Alexander Karl Rothkopf

Professor i materialfysikk

KE-E 537
Det teknisk-naturvitenskapelige fakultet
Institutt for matematikk og fysikk
KE E-537


Research Profile:

I work on elucidating the real-time properties of strongly coupled quantum systems, such as e.g. the quark-gluon plasma created in relativistic heavy-ion collisions. To this end I study the spectral properties of bound states and single particles in QCD and scalar theories. The non-perturbative nature of the problems at hand leads me to use predominantly numerical methods, such as lattice QCD. A particular interest lies in the extraction of spectral functions from Euclidean correlator data using Bayesian inference.

Selected ongoing research projects:

1) Determination of the heavy quark potential from realistic lattice QCD simulations with novel machine-learning assisted spectral extraction methods ( with Gaurang Parkar (UiS), Rasmus N. Larsen (UiS), Peter Petreczky (BNL), Swagato Mukherjee (BNL))

2) Elucidating the real-time dynamics of heavy quarkonium states based on the Open-Quantum-Systems framework ( with Y. Akamatsu (U. Osaka) )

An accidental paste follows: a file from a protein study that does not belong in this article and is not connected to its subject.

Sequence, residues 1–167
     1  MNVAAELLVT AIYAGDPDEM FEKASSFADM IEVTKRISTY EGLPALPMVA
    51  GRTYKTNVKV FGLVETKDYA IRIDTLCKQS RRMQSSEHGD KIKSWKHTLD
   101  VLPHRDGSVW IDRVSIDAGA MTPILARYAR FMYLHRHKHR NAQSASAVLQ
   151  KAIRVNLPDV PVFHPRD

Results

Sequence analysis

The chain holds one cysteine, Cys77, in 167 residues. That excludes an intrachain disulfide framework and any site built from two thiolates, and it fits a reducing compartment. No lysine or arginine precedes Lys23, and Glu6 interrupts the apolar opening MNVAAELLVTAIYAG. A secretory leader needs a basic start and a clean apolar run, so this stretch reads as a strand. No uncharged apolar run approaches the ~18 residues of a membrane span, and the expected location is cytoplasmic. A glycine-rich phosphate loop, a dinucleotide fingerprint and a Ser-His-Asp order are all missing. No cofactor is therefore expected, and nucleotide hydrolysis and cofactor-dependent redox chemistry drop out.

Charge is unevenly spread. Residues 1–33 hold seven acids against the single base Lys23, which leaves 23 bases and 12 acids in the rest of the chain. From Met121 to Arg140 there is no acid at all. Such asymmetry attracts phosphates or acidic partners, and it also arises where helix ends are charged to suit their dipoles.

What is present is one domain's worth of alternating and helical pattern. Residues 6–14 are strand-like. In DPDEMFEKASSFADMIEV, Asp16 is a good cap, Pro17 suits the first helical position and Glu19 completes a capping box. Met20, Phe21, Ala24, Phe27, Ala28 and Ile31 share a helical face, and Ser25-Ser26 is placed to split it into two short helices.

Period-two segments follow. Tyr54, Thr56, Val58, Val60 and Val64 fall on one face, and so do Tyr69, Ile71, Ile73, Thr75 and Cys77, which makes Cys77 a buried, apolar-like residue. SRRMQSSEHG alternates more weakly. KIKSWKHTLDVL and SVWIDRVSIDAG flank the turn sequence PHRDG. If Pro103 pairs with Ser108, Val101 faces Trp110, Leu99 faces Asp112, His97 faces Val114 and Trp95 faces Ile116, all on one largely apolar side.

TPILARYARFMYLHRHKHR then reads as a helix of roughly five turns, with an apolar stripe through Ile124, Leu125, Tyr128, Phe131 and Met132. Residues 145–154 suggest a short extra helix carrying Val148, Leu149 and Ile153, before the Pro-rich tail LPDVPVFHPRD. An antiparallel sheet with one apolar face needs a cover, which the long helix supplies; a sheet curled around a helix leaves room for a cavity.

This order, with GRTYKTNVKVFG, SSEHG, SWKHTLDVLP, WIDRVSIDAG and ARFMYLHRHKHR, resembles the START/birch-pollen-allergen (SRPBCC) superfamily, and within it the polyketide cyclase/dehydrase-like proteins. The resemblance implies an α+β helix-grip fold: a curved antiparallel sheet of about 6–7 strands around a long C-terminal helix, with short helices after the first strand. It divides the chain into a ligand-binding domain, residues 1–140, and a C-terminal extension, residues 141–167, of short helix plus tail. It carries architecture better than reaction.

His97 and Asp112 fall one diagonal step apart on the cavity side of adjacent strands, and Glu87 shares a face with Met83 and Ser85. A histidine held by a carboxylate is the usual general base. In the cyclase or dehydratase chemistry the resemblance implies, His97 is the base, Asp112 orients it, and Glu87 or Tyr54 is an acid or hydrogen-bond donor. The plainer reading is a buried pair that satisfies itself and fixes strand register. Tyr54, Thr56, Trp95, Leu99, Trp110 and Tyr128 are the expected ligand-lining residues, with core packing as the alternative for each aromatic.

3) Development of improved discretization schemes for the accurate simulation of Open-Quantum-Systems dynamics ( with J. Nordström (U. Linköping) )

4) Development of novel machine-learning assisted real-time simulation strategies for strongly correlated quantum fields ( with D. Alvestad (UiS) )


1) Introduction to Quantum Mechanics

This course provides the students with a first introduction to the field of quantum mechanics. It both allows students to get familiar with the novel concepts of quantum mechanics and to train the computational skills needed to solve simple problems.

2) Quantum particles and fields on the lattice 

This course provides a theoretical and practical introduction to the description of quantum particles and fields in a discretized setting, relevant for e.g. numerical simulations of the strong interactions (lattice QCD). Besides regular lectures the course features an hands-on tutorial in which students themselves implement simulation strategies.